Q. “Vitrification technology” is often seen in news is associated with which of the following?

[A] Nuclear Waste

[B] Solar Power generation

[C] Hydro power generation

[D] Plant varieties specificationu00a0

Answer: A

The immobilisation of HLW requires the formation of an insoluble, solid waste form that will remain stable for many thousands of years. In general borosilicate glass has been chosen as the medium for dealing with separated HLW.  

  • The stability of ancient glass for thousands of years highlights the suitability of borosilicate glass as a matrix material. This type of process, referred to as vitrification.  
  • Most HLW, other than spent fuel itself, arises in a liquid form from the reprocessing of spent fuel. This HLW comprises highly-radioactive fission products and some transuranic elements with long-lived radioactivity.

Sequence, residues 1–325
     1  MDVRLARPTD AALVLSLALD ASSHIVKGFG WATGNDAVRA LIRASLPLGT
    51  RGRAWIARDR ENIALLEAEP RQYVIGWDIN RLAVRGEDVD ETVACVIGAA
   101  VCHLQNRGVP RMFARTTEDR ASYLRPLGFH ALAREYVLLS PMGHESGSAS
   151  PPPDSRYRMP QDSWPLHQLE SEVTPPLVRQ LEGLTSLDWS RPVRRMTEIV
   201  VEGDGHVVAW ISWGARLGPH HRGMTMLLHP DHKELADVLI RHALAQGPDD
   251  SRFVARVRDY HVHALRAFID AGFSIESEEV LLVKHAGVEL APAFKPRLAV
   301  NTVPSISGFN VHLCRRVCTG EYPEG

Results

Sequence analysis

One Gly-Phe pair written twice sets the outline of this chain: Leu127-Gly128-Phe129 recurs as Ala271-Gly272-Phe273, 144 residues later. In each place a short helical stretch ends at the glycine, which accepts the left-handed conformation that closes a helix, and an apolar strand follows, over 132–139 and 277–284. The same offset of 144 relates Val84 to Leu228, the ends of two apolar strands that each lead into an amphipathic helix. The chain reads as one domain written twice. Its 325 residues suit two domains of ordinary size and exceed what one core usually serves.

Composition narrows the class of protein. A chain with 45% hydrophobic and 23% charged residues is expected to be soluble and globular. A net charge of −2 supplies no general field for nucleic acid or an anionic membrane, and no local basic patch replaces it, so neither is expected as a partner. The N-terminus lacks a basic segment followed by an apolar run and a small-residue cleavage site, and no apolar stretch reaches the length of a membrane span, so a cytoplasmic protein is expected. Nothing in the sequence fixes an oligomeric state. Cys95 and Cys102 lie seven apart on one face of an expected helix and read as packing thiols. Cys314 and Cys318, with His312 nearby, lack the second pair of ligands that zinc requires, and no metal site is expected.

• To allow incorporation into the glass matrix the waste is initially calcined (dried) to a granular powder.  
  • The product is then incorporated into molten glass, poured into a robust stainless steel canister about 1.3 metres high, and allowed to cool, forming a solid matrix. The containers are then welded closed and are ready for storage and final disposal. 
  • India is one of the few countries to have mastered the technology of vitrification. Over the years BARC has developed the technology for vitrification of HLW.  
  • India has a unique distinction of having operating vitrification plant at Tarapur and Trombay.   
  • In our existing plant at Trombay vitrification process is essentially batch operation consisting of heating and fusing of pre-concentrated waste and glass forming additives and is carried out in melters based on induction heating. 

Source: The Hindu